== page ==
Monday, June 20, 2011
Video Game designers, use this as the texture for salamanders or, better yet, black dragons in your next game. And make sure it's glossy, and has that squeaky-crunchy sound when you hit it with an axe or sword.
Seeing this texture makes me think of a large toad that's skin looks just like charred wood. It burrows underground and up into firepits. It likes the warmth and it means bad news for all the adventurers around making s'mores. Why? I'm not sure, but anything interrupting s'mores is already dire.
A One-Stick Dungeon!
I've always loved these beetle(?) paths. Party asks the druid, "What's the path look like up ahead?" Druid pulls some bark away from a stick, "We better turn back now." Maybe these could be used as a material component for a Maze spell.
Treant brood are actually humanoids scaled like pangolins. After a good, long life of mountain warfare with orcs and giants, they put down roots and transform. Giant Sequoias actually have small cones compared to other trees. Oh the comeuppance, when the little cone-boy picked on by all those pines turns into the Gentle Giant!
When I think of foothills, I think of oaks. Mountains, conifers. But there are actually some mountain oaks up pretty high. I saw some at 6500ft. So if you need adventurers to run into a deciduous dryad in the mountains, it's possible. She'll just be smaller and colder. That makes me think about the trees just on the edge of the tree line, battered, wizened. If those trees could talk, or had dryads in them, that would be a place to find out things about the world.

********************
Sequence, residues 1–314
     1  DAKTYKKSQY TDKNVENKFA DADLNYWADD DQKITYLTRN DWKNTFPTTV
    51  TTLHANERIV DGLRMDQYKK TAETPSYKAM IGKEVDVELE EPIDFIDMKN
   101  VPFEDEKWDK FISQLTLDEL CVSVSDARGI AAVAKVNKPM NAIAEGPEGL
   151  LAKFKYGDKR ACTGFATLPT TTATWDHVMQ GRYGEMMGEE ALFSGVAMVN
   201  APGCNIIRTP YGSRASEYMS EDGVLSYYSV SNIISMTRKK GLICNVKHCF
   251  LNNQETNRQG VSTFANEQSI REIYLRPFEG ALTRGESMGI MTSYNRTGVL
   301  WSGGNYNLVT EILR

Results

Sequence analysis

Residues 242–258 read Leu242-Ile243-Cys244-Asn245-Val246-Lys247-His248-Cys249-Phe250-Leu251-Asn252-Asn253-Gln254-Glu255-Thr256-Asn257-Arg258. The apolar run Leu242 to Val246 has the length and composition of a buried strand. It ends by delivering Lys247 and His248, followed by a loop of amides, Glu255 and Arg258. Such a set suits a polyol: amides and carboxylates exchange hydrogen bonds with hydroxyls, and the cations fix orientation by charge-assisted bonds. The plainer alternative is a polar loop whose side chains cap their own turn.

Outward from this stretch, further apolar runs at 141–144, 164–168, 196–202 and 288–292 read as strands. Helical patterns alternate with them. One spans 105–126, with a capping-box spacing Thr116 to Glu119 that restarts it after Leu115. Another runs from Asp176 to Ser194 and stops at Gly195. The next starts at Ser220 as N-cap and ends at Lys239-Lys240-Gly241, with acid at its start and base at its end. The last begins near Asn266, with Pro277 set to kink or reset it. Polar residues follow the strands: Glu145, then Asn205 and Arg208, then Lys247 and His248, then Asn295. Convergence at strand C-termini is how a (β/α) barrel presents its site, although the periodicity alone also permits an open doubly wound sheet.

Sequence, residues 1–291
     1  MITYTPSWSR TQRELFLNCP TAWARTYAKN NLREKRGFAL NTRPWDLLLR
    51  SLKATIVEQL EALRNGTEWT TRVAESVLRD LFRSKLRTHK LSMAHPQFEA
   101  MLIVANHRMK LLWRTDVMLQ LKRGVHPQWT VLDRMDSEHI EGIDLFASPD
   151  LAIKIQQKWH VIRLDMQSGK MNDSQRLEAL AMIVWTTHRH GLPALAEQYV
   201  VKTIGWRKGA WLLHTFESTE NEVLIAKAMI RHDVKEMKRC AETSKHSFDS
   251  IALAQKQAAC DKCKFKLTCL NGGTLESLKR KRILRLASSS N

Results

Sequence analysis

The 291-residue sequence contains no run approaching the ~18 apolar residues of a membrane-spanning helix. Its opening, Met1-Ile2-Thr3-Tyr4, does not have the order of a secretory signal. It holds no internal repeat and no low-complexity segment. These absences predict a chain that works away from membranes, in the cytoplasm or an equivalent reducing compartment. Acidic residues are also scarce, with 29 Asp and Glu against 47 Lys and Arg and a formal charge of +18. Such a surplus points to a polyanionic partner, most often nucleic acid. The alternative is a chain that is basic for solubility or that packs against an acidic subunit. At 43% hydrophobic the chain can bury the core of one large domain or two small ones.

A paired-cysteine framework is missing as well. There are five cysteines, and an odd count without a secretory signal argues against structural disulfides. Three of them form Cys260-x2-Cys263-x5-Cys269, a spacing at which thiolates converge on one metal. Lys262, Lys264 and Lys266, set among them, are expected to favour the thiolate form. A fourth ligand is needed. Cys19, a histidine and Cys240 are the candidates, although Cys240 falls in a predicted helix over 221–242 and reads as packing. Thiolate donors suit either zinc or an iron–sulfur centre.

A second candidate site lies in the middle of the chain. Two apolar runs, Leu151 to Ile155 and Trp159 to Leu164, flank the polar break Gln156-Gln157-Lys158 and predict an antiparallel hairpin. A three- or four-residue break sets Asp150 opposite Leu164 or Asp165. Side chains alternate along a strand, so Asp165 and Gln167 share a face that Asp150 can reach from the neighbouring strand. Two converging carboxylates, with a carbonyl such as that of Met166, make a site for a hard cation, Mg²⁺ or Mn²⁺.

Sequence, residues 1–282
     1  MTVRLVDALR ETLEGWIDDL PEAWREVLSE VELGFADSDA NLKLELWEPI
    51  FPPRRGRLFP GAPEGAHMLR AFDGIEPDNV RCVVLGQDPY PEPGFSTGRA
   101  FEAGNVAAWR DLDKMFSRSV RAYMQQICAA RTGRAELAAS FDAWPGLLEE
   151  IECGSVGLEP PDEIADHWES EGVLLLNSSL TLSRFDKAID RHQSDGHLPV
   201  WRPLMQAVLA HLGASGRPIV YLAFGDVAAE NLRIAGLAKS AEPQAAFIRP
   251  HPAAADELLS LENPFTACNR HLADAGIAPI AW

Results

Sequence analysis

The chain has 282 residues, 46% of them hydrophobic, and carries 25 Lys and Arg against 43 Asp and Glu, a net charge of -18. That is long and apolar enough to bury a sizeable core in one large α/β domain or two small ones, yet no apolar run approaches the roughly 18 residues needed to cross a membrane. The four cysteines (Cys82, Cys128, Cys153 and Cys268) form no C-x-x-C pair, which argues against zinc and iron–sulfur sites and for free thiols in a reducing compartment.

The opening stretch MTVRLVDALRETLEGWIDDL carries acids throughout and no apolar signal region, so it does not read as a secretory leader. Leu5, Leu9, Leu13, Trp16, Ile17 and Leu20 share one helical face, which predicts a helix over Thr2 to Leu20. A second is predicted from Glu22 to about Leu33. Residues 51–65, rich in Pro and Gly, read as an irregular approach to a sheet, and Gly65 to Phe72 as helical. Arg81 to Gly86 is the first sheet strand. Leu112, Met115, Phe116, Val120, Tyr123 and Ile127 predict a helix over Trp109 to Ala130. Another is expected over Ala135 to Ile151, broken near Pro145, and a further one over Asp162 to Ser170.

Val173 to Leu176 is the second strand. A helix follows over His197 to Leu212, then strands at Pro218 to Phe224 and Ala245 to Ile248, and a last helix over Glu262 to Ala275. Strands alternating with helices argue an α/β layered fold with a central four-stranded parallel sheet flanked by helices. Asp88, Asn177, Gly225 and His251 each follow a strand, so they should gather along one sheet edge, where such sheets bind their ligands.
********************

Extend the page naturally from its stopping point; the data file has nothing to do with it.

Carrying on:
I go by the general rule that adding wings to things makes them cooler. So, winged giants. That would scare the crap out of me. Think Paul Bunyan Angel crashing down in the forest ahead of you. 'Course, I'd jump on my winged-bear and get the hell out of there.
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I really love the beetle path idea.ReplyDelete
Cool, isn't it. Zagyg wasn't crazy he was a beetle! :)ReplyDelete
This is fantastic, the whole thing. Especially the pangolin treantlings.ReplyDelete
Having always thought of dryads as being human-sized and occasionally seductive, this has suddenly made me consider them the same height as their trees. And I like that a whole lot more: every goddamn bit of nature turns into a seductive woman, it seems, but something (other than an ent) that reminds us of the scale of trees (and moss and bracken) is always good.
That beetle path is totally Borgesian. Taciturn druid hands the stripped branch to the cleric, who looks seriously at him and says "we will meet again, years from now. You will not remember, and your forgetfulness will cost you an eye."
Somehow the wings I picture are dragonfly wings: filmy, scaly.
Thank you, sir.ReplyDelete